Bitcoin continues to demonstrate how bad of an investment it is, losing 15% of its value in under 36 hours:
A $1000 point drop in just a few hours and a $500 point drop in just a few minutes.
Some will respond, “But…but…it’s up 1000% since early 2017!!”
…and my response is, “but …but …it’s not 2017 anymore!!”
This is 2018. Bitcoin has lost almost half of its value since peaking in December 2017.
To get an idea of how easy it is to manipulate crypto currency and why Bitcoin and other currencies fall so quickly, here is a simple calculation:
Based on the order book, instantly selling 100 Bitcoin ($1,000,000) on GDAX will cause the price to instantly fall about 1%.
GDAX is the biggest exchange by liquidity as measured by market order book depth. The smallest of the ‘top 10’ exchanges is ItBit, which has about 1/5 the liquidity as GDAX.
Subsequently, other exchanges will copy this selling. If ‘Tom’ on GDAX sells 100 coins and Bitcoin falls 1% to $10,000, then ‘Bob’ on Bitstamp will also sell enough coins to make it fall to $10,000, and this process will continue on all the exchanges until the price is roughly $10,000. This is about $1.8 billion of Bitcoin market capitalization gone. (1% of $180 billion)
But the alt coins will mirror this because everything is highly correlated. This means a total of $5 billion in Total Market Capitalization is destroyed (1% of $500 billion).
So a $1,000,000 sell order destroys about $5 billion of total coin value. $1,000,000 is tiny relative to $500 billion. This is a ratio of 1-5,000. What this means is for every $1 of Bitcoin converted into cash, $5,000 of paper wealth is destroyed, and this loss is distributed among all holders of cyrpto currency. There are many people with wallets that have 100+ coins, so one can see that if everyone who wanted to sell tried to sell, very few sellers be able to sell at anywhere close to current prices.
But this is the most optimistic scenario. I’m assuming that GDAX, which has the most liquidity, leads the other exchanges. Generally, the biggest market will lead the smaller ones. If a low-liquidity exchange such as ItBit is doing the leading, then the ratio may be a low as 1-25,000. If one takes the average of the top-10 exchanges, the ratio is around 1-10,000.
But this works the opposite way too, but possibly even more so because the order book is not symmetric; rather, it requires fewer coins purchased to make the price rise 5% than sold to make it fall 5%.
One way to bypass this problem is through off-exchange transactions. The recent $400 million Bitcoin purchase was likely done off an exchange. But if the mystery buyer were smart, he would have only bought $300 million or so and then kept the $100 million in cash on exchanges like Gdax and Bitstamp to prop up Bitcoin long enough until he can find someone to sell the $300 million off-exchange at a higher price. As the math above show, it requires little $ to make Bitcoin go up.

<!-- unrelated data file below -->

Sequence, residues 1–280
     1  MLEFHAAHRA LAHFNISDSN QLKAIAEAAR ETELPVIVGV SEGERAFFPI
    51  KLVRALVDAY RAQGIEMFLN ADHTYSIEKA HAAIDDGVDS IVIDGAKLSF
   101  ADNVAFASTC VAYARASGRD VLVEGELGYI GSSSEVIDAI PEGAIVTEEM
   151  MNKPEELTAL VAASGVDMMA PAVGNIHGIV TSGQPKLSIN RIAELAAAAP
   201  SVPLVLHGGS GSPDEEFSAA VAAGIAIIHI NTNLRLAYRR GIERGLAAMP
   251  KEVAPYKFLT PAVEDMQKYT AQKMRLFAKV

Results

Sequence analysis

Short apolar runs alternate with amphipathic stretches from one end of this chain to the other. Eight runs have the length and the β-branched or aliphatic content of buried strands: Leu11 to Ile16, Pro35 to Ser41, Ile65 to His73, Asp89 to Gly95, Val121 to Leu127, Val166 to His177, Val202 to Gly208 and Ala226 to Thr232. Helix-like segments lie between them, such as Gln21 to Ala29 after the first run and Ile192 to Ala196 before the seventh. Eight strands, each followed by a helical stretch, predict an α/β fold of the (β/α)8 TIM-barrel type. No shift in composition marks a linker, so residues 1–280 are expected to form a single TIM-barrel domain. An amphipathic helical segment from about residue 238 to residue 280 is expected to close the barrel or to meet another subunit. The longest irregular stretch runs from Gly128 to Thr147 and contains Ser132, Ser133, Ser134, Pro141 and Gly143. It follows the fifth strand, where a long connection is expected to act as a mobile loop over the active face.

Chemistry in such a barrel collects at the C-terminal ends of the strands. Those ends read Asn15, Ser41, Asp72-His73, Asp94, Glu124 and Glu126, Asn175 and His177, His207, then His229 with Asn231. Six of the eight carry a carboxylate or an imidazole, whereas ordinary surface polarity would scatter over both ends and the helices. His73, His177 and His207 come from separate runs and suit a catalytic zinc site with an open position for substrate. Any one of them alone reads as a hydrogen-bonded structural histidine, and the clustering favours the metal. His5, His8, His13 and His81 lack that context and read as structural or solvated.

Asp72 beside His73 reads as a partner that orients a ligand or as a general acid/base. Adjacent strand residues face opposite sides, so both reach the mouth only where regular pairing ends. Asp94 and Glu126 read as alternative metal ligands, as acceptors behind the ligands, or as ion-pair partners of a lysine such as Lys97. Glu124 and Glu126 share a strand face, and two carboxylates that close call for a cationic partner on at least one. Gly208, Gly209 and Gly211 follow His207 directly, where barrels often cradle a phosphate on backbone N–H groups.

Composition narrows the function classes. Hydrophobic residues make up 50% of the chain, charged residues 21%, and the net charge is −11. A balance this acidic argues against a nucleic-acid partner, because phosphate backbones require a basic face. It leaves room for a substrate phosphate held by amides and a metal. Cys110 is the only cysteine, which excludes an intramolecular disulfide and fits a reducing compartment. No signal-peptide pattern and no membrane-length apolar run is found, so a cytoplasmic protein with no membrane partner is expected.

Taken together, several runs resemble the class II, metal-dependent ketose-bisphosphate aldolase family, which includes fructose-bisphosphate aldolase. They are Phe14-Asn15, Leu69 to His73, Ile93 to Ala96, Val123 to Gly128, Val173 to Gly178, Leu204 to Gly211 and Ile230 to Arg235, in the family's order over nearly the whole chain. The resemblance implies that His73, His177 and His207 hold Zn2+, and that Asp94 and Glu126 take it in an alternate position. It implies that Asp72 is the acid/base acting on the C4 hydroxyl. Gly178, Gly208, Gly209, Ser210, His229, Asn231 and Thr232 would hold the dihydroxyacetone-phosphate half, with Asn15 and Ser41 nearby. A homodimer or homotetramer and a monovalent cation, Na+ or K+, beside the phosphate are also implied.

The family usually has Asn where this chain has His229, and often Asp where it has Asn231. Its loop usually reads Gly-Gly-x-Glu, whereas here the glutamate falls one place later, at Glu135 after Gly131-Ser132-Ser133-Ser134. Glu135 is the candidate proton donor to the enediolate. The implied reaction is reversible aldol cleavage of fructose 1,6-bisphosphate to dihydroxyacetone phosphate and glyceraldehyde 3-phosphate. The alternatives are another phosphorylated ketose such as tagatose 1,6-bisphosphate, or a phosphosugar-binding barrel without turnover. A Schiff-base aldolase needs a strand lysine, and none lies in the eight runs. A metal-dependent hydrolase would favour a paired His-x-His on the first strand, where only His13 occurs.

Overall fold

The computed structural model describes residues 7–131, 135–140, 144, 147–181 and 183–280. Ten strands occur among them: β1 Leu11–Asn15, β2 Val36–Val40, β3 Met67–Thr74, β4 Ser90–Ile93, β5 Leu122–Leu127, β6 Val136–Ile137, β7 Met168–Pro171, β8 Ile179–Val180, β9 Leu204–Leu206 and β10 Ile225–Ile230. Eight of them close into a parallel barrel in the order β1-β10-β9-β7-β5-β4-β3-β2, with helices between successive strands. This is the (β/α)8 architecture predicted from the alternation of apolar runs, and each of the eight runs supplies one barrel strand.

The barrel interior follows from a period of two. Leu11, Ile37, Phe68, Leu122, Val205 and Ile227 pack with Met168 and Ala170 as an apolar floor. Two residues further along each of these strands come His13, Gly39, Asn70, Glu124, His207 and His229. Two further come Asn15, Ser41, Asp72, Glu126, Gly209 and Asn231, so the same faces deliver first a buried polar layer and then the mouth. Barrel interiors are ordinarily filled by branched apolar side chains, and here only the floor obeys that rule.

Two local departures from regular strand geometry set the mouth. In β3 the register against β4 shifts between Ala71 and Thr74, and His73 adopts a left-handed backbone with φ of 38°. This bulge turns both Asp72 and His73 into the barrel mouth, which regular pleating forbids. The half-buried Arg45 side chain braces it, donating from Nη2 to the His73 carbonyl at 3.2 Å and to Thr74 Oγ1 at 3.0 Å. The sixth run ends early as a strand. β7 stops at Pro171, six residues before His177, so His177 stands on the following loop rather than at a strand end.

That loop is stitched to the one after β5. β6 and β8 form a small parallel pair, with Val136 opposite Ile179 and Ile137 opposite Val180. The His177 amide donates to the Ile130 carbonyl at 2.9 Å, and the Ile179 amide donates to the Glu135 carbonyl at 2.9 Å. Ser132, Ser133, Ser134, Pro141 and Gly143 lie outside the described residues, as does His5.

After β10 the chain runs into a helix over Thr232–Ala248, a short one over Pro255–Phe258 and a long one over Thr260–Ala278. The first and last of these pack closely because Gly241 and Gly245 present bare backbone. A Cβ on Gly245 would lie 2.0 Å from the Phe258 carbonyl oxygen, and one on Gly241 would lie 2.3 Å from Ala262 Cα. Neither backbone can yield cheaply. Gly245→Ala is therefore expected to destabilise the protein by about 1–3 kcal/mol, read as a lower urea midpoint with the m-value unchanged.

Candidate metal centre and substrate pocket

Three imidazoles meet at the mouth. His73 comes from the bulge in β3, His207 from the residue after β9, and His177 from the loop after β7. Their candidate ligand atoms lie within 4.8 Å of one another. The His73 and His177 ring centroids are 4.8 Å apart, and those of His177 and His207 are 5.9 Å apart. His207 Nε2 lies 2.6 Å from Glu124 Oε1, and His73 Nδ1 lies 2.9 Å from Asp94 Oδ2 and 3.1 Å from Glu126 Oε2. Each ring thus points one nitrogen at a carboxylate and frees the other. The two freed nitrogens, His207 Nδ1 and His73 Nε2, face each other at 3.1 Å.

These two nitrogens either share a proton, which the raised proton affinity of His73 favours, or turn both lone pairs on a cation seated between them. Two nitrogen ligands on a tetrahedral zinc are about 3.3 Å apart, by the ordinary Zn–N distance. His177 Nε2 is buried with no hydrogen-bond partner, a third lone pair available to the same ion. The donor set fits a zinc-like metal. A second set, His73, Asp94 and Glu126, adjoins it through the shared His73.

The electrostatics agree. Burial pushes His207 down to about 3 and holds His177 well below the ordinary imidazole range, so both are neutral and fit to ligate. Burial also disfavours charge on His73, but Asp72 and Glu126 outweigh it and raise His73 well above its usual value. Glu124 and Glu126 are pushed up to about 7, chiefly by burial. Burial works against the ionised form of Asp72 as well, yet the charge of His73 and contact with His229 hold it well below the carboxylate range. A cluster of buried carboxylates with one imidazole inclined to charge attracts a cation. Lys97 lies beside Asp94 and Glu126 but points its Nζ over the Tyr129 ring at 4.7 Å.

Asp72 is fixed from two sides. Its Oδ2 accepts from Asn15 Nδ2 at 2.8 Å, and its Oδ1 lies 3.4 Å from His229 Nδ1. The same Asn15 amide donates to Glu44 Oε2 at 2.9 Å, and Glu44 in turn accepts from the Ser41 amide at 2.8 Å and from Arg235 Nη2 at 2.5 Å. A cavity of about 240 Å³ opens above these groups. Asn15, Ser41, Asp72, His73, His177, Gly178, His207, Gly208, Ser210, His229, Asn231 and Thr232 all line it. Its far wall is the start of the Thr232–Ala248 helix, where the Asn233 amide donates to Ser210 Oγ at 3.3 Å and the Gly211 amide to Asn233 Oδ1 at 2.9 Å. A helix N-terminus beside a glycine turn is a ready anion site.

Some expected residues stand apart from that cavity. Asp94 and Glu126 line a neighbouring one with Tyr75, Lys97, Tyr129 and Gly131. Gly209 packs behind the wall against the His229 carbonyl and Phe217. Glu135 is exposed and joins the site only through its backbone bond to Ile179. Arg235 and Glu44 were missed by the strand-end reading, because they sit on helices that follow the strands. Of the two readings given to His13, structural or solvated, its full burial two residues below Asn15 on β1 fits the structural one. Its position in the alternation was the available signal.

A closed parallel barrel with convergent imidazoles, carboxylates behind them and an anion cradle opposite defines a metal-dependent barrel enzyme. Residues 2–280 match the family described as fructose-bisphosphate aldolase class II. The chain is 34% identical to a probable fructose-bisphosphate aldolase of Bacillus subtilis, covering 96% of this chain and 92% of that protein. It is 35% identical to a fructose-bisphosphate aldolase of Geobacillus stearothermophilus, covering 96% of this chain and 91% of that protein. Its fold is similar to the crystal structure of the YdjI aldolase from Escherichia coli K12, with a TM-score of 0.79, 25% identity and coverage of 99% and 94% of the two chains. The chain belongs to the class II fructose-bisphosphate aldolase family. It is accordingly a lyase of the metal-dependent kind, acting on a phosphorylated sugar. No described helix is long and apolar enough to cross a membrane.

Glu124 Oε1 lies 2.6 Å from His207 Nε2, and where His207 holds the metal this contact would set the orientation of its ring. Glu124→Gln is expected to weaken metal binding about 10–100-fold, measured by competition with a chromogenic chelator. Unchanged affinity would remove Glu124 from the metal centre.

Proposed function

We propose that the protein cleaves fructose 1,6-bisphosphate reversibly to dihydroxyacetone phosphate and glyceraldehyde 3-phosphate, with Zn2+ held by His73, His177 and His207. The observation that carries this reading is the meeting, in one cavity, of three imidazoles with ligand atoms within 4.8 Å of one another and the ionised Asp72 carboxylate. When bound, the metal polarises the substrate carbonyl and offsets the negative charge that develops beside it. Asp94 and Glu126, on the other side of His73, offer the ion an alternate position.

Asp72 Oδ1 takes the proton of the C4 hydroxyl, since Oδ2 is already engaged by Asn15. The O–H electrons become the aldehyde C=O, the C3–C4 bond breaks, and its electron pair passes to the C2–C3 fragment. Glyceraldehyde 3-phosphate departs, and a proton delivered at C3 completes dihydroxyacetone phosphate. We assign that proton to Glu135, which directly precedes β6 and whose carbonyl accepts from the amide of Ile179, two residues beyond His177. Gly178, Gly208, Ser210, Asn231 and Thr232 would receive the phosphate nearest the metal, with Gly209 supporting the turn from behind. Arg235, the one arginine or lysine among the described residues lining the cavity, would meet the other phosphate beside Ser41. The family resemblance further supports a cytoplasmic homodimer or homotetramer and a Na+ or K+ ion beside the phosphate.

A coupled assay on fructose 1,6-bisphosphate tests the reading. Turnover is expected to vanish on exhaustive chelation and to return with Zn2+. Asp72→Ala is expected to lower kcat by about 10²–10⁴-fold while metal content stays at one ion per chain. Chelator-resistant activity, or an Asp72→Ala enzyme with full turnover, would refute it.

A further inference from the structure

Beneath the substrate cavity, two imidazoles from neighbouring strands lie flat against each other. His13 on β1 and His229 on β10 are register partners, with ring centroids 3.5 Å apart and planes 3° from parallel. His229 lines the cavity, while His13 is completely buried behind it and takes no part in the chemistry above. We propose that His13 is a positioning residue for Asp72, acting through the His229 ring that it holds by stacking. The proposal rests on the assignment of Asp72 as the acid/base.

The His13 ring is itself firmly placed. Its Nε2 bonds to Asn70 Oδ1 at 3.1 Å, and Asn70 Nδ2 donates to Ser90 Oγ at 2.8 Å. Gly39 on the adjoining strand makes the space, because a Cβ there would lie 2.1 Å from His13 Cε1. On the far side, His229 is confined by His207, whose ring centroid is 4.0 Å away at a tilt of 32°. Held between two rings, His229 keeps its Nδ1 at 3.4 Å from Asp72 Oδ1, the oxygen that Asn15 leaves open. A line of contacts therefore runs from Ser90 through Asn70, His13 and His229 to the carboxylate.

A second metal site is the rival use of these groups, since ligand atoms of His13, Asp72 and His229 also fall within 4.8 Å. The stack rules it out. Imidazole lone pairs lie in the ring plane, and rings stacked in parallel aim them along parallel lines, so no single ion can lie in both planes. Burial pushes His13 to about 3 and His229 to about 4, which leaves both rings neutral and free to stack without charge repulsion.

Overall, to reiterate, no one is making money with crypto currency anymore even though the media keeps hyping it. Only have 20% of my original position left after selling between $19,000 and $10,500. Don’t be a sucker who buys high and sells low. Wait until the correct signals and then buy, which I will provide when the time comes. Bitcoin is no good. I would not touch it with one of those 12-foot ceiling light-changing poles.
Regarding the post a few days ago about Bitcoin analyst Tom Lee, he cannot be fired because he’s the co-founder of the very firm that employs him (Fundstrat Global Advisors). Another option is to convince major financial networks such as CNBC, Bloomberg, and Fox Business News to stop giving him free advertising. A few commercial slots on a major financial network such as CNBC costs over a million dollars, so this free press is worth a lot. Without this free publicity, Fundrat’s ability attract new clients is severely hindered. Then these networks pass off this content as ‘original programming’ and ‘financial insight’ when it’s really just thinly-veiled advertising. Also, if you go to Tom Lee’s Twitter profile in his bio it says “Analysis not opinions. Data science speaks louder than gurus,” yet his absurd Bitcoin price targets are opinions.
Maybe I’m being too hard on him, but analysts need to be held accountable for being wrong. What do you think will happen when Bitcoin is at $4,000 or so in 8 months….all these analysts who were pumping Bitcoin will find the ‘next big thing’ to pump in order to promote their firms, while being let off the hook for being so wrong about Bitcoin and other stuff. Because these analysts and fund managers such as Peter Schiff, Ari Paul, and Tom Lee own the firms, they cannot be held accountable in the same way an employee who messes up is. That means it’s the job of ‘good Samaritans’ to spread the word so others are not duped.